PORTLAND, Maine — The Bristol-Myers Squibb Foundation has awarded a $5 million grant to Maine Medical Center (MMC) for the creation of a statewide initiative to improve the prevention, early detection and treatment of lung cancer in Maine, where incidence rates and deaths due to lung cancer are among the highest in the nation, according to the Centers for Disease Control and Prevention.
The Maine Lung Cancer Prevention and Screening (Maine LungCAPS) Initiative is a four-year multi-institution, multi-disciplinary collaboration of Maine health care providers and stakeholders.
$5.6 million grant award to create state-wide prevention and screening program
There is a harsh reality facing the people of Maine: local lung cancer rates are among the highest in the nation and the leading cause of cancer deaths in the state. For years, an ad-hoc network of isolated programs have struggled to make improvements, but one Maine physician is ready to take on the entire spectrum of cancer screening, prevention and treatment in a bid save move lives.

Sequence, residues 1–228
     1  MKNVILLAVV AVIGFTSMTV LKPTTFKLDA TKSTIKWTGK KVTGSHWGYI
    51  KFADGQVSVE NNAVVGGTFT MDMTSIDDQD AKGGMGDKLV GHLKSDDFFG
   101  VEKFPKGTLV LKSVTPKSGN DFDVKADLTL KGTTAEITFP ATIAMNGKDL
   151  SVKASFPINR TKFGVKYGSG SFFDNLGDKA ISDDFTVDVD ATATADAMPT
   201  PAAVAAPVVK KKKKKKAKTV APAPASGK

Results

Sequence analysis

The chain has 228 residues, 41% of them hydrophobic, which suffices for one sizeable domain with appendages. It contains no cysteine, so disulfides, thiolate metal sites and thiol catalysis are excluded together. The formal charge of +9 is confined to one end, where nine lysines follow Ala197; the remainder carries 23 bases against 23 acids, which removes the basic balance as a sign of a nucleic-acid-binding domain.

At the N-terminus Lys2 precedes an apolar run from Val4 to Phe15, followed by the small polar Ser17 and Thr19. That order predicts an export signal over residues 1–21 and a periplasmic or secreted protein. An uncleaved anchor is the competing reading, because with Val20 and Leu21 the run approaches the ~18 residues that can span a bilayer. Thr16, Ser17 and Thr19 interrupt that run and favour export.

Paul Han, MD, MA, MPH, director of the Center for Outcomes Research and Evaluation at the MMC Research Institute, is the Principal Investigator for the recently announced Maine LungCAPS initiative, a program designed to improve the prevention, early detection and treatment of lung cancer in Maine.
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The Portland City Council gave unanimous approval on Monday night to a new proposal by the Health and Human Services Committee that will raise the minimum age for the purchase of tobacco products from 18 to 21 years of age.
"We applaud this move by the Portland City Council," said Tara Hill, Executive Director of Maine Cancer Foundation. "Maine has one of the highest rates of lung cancer death in the country, and tobacco use accounts for nearly half of all cancer deaths in our state. We share a deep commitment to reducing tobacco use in our state, especially among young people."